Rating - ⭐⭐⭐1/2
"Myra Whitlock has a gift. One many would kill for.
She’s an artist whose portraits alter people’s real-life bodies, a talent she must hide from those who would kidnap, blackmail, and worse in order to control it. Guarding that secret is the only way to keep her younger sister safe now that their parents are gone.
But one frigid night, the governor’s wife discovers the truth and threatens to expose Myra if she does not complete a special portrait that would resurrect the governor's dead son. Desperate, Myra ventures to his legendary stone mansion.
Once she arrives, however, it becomes clear the boy’s death was no accident. Someone dangerous lurks within these glittering halls. Someone harboring a disturbing obsession with portrait magic.
Myra cannot do the painting until she knows what really happened, so she turns to the governor’s older son, a captivating redheaded poet. Together, they delve into the family’s most shadowed affairs, racing to uncover the truth before the secret Myra spent her life concealing makes her the killer’s next victim."
A Forgery of Roses is a standalone fantasy novel by Jessica S. Olson.
First and foremost I would like to thank NetGalley and Inkyard Press for giving me the opportunity to review this book in advance. Please note that this in no way affects my opinions. Also note that what I read was an ARC, and things may be subject to change for the official release.
Going into this, I didn't re-read the synopsis so I didn't know what to expect, but I found that I didn't mind the story. I enjoyed the plot well enough, but there were some visible flaws for me that came in the form of the characters, specifically Myra, as well as her relationship with August.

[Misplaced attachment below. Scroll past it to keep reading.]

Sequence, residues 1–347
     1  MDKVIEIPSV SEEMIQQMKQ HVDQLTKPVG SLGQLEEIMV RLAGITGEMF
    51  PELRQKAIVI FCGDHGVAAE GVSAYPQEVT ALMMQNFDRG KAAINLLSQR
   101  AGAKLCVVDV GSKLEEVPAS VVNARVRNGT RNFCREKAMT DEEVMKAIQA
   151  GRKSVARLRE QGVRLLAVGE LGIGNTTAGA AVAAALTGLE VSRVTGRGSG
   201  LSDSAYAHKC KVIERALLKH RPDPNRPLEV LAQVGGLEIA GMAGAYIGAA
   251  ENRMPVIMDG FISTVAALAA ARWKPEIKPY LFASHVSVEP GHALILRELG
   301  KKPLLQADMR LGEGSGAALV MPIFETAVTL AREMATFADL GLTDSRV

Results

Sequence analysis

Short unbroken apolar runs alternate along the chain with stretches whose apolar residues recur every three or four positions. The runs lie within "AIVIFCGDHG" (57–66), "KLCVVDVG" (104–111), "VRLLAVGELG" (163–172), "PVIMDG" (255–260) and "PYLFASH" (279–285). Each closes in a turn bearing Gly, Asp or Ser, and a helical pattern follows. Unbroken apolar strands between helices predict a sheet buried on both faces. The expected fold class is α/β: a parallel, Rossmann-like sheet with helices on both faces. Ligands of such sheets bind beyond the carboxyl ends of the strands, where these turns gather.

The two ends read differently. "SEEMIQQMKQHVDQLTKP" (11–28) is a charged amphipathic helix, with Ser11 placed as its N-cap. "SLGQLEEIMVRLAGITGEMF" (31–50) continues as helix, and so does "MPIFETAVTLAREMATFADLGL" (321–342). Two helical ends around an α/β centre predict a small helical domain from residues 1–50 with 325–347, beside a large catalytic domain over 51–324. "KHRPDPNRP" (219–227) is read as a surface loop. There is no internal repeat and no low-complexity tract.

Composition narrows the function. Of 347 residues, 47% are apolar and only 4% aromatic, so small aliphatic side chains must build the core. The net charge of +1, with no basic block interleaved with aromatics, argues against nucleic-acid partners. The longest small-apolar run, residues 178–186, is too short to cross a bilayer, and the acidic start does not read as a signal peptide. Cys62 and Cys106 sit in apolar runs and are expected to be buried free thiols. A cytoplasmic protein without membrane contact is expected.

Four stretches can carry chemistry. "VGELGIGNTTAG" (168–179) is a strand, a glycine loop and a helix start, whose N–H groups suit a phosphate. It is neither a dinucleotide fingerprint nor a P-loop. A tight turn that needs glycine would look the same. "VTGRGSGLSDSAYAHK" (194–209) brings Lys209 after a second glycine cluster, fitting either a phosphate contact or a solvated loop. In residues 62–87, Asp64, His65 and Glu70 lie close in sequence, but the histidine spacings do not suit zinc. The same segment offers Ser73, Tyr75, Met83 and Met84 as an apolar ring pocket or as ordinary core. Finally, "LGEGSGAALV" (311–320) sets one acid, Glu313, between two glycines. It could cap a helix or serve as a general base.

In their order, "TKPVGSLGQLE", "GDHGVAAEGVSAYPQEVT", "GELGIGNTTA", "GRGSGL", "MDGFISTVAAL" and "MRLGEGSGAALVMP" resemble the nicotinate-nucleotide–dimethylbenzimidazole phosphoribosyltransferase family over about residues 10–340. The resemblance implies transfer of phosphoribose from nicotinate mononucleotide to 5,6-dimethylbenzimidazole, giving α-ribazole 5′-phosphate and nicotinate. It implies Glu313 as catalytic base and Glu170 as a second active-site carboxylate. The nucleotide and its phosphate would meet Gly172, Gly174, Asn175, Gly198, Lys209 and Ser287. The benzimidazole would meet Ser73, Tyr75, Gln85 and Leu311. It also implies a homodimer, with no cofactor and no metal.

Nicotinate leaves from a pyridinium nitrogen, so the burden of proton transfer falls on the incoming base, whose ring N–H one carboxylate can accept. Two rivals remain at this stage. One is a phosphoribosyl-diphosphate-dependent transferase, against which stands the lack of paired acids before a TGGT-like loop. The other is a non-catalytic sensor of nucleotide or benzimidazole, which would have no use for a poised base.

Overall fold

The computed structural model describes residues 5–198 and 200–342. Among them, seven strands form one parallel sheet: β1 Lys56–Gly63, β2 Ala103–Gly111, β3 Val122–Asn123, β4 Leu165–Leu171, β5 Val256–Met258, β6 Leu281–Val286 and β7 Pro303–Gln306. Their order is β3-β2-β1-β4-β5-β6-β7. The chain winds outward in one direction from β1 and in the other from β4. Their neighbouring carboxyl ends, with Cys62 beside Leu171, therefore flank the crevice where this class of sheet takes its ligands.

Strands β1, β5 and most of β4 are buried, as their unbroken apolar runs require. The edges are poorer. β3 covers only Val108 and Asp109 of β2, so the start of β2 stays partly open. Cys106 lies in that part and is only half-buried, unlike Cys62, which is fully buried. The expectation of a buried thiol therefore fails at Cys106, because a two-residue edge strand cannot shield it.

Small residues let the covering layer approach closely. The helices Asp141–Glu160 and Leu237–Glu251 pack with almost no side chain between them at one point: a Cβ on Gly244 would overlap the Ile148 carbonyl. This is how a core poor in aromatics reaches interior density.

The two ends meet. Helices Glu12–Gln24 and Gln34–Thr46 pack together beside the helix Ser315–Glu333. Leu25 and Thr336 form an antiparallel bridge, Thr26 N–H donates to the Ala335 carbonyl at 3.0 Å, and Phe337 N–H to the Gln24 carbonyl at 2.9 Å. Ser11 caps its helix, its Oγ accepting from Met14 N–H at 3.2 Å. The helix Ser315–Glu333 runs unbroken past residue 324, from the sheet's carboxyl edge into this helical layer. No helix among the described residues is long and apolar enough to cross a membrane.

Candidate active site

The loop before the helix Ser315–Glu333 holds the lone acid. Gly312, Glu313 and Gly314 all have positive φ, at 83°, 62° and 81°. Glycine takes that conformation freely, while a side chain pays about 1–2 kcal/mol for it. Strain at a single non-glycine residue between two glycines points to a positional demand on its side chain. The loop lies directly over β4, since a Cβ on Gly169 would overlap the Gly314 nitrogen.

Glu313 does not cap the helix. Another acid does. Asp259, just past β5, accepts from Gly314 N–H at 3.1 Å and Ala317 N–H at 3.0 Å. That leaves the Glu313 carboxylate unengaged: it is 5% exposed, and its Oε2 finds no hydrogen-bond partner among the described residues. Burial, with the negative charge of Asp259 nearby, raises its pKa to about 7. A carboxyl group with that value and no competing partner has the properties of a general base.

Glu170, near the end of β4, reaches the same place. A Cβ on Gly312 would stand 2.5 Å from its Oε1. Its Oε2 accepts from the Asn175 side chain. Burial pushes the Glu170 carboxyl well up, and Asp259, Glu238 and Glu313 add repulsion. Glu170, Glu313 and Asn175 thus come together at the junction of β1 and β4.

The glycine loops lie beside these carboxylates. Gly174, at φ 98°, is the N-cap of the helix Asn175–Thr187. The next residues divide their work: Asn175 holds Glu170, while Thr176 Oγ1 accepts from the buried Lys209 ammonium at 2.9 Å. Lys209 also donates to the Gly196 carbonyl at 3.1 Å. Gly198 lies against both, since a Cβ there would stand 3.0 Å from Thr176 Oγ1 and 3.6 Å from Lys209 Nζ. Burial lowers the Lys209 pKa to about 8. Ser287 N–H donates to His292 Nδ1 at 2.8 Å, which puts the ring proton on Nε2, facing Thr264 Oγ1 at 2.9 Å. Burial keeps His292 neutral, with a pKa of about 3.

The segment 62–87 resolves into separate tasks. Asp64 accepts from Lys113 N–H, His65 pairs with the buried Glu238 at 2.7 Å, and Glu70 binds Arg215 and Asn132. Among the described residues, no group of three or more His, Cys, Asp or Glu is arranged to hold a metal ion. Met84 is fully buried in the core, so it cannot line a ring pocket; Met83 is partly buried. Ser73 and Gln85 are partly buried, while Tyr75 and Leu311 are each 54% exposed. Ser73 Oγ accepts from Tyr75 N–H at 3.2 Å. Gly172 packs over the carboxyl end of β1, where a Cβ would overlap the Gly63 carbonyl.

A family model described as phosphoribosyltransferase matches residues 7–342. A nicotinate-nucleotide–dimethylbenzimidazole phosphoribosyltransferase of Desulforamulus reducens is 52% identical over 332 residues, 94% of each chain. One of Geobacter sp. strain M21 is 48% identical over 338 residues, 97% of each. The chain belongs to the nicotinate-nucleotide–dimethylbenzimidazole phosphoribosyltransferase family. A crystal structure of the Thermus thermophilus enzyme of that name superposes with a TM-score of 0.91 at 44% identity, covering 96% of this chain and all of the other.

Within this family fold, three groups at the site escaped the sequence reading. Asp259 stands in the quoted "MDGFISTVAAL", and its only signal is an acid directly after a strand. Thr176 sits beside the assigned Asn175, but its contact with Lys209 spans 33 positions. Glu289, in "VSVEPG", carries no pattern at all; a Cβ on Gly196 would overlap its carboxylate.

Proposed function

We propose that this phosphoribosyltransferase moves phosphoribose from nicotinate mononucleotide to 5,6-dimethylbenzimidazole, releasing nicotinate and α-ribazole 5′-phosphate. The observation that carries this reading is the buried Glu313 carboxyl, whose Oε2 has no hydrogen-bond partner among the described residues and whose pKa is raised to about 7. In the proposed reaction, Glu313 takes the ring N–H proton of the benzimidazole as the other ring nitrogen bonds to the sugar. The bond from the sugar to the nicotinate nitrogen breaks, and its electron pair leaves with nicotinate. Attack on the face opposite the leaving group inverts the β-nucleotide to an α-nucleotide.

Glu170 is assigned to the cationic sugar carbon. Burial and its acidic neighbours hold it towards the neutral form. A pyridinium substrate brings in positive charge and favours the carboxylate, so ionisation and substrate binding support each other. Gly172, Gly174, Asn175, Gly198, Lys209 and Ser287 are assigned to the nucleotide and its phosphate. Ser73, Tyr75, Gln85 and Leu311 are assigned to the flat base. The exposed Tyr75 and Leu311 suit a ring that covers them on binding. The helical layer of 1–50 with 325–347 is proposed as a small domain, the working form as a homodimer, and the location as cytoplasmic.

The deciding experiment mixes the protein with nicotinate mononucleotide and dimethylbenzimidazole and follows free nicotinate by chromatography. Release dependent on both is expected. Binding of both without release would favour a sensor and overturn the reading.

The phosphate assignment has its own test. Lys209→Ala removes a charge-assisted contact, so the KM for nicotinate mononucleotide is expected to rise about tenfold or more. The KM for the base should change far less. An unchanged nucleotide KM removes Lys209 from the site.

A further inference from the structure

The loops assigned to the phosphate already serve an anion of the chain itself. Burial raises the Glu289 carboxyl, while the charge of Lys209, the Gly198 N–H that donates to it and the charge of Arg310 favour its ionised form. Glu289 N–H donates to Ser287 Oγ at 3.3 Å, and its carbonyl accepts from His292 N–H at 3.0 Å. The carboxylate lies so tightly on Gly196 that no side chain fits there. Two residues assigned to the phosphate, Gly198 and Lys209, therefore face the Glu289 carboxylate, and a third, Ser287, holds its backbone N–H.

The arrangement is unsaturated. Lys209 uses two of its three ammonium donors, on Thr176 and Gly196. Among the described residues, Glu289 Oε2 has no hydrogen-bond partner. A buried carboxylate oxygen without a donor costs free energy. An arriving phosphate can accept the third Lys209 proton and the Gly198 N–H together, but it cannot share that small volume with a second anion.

Let's get into the details.
I have no complaints or comments on the writing really. This is written like how most YA novels are, which is something I like as I find it easily digestible.
During a time where Prodigies, people with the ability to alter human and animals bodies through painting, are going missing, Myra accepts a dangerous job where she must resurrect the Governor's recently deceased son. What starts as a difficult task only gets more complicated when Myra discovers that he could have been murdered. She must face her new reality if she wants to save her ailing sister.
This was a multi-layered plot, and there were some aspects that I liked and some that I didn't. I thought the concept of body alteration through painting was interesting. I wasn't sure how much I liked the mystery element of the plot though, especially considering it took the plot in a direction that I didn't exactly think was the right move. I am unsure how to feel about the big reveal as I don't know whether to be disappointed or pleasantly surprised.
In general, I thought that the plot lost track of itself as the story developed and got bigger and more complex. The story just took a sudden departure from the main focus and I would have preferred if this was isolated to the house. There were interesting ideas mentioned early on that the book ended up ignoring, which I thought was wasted potential.